Government would have to brace itself to take tougher decisions in retiring some of its maturing debt as it failed to raise 500 million cedis through the domestic bonds market last week.
Government, in an attempt to raise the fund to restructure its debt and maturity settlement only secured 303 million cedis after it agreed to pay a fixed yield of 24.5 percent.
Explaining the factors that may have influenced the low confidence in the bond, Economist, Professor Godfred Bokpin told Citi Business News that investors are closely watching inflationary pressures and expect it to go up in the run-up to the election, hence will not invest in a fixed rate market.
“If you look at where the policy rate is, and the signals that it sends to the market, it may also suggest that probably investors are of the view that inflationary pressures may head up in the run-up to the election,” he said.
He stated that investors do not only observe one market but monitor other markets to move their investments for optimum returns.
According to him, a critical look at the inflationary trend is already sending a hint to investors that spending may go up pushing inflation up before the election.
He explained that with bonds, high inflation always reduces the net profit on investments; hence investors are apprehensive when the signals indicate that the figures may go up in the near future.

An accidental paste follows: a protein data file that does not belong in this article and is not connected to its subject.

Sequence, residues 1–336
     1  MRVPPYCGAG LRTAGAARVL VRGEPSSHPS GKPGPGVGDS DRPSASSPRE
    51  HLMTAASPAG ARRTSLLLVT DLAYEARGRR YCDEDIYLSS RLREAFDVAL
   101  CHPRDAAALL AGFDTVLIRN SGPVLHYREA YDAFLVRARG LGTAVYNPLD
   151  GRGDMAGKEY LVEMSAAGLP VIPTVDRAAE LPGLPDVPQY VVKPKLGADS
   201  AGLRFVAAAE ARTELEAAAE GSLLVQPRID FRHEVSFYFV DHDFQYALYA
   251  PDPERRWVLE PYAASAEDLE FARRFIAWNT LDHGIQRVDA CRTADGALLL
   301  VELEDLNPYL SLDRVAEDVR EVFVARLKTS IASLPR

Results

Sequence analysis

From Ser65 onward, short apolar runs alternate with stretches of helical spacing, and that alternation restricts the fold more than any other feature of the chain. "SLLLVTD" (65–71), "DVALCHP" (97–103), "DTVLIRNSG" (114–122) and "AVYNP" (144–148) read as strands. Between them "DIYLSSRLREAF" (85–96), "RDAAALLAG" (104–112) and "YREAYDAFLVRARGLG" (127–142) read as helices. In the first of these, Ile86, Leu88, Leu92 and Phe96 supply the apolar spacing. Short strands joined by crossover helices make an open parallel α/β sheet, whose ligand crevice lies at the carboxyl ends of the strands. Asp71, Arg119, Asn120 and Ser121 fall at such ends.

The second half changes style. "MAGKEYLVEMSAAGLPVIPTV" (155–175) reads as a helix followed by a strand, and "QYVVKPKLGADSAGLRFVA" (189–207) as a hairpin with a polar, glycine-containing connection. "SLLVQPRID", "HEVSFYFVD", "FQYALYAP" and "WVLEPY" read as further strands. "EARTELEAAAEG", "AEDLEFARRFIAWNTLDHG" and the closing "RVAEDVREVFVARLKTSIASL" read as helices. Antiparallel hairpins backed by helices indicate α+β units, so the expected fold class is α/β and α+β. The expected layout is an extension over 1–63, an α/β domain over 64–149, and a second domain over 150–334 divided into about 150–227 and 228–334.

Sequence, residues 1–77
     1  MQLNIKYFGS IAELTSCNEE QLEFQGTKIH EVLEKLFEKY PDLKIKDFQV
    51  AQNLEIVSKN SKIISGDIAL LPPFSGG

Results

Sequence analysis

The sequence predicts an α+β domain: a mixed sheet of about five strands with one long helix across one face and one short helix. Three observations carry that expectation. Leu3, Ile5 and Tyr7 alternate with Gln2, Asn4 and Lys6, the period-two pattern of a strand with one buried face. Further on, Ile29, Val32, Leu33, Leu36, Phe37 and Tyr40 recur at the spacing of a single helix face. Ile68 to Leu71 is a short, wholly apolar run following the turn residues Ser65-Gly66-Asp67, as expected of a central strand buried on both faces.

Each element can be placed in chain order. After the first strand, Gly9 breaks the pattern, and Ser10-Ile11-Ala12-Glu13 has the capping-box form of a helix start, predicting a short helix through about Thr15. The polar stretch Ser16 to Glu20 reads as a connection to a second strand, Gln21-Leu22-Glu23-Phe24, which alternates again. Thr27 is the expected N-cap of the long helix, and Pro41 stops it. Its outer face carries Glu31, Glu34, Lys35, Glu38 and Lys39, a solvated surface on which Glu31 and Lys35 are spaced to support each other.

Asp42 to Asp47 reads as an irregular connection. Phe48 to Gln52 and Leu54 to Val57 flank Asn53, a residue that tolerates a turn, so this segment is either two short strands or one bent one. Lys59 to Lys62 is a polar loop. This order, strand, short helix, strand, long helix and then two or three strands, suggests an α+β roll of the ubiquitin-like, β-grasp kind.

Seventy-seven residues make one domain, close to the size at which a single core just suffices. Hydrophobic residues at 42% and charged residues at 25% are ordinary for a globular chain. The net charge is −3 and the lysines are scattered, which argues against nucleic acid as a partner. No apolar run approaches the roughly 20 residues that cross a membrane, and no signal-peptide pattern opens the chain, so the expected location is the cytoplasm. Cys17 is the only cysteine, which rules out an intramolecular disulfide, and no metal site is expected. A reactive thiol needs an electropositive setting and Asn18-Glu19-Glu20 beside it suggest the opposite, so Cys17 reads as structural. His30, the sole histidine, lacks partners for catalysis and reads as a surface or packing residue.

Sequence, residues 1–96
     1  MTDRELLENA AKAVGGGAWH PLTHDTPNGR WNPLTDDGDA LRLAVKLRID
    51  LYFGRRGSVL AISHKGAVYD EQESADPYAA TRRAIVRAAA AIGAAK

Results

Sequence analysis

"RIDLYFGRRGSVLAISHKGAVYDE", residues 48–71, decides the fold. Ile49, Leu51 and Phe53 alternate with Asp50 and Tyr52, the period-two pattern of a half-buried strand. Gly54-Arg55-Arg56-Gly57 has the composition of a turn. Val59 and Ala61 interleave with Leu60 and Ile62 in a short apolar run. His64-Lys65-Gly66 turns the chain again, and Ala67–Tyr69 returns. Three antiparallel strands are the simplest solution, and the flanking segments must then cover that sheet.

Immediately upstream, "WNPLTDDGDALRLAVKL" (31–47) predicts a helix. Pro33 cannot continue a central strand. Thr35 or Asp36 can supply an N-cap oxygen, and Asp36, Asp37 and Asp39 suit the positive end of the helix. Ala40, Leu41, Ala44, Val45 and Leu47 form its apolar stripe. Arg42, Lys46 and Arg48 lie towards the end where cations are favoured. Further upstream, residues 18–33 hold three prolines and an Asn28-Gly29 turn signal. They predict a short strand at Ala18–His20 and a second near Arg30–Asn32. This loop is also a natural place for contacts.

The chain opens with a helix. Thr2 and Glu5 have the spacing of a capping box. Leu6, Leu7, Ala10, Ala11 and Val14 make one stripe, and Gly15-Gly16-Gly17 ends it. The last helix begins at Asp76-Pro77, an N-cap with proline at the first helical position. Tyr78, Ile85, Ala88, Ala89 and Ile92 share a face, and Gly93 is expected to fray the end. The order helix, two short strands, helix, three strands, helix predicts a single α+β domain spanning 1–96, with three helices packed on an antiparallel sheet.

Touching on some of the difficulties that may be faced in clearing government’s maturing debt, Professor Bopkin recalled that the latest IMF-World Bank joint debt sustainability analysis points out a worrying development where maturing debt for this year may go beyond 1.3 billion cedis.
“We have to be prepared to roll over. Probably that is what will happen. Over the years that is what we have been doing. Currently, we are spending 14 billion cedis to service our debts. It’s not the best but that is what we have been doing,” he said.
Describing Ghana’s debt sustainability strategy as worrying, Professor Bokpin stated that there are no provisions in the budget to retire the country’s debt, but there is a provision to service it which is not the best.
By: Lawrence Segbefia/citibusinessnews.com/Ghana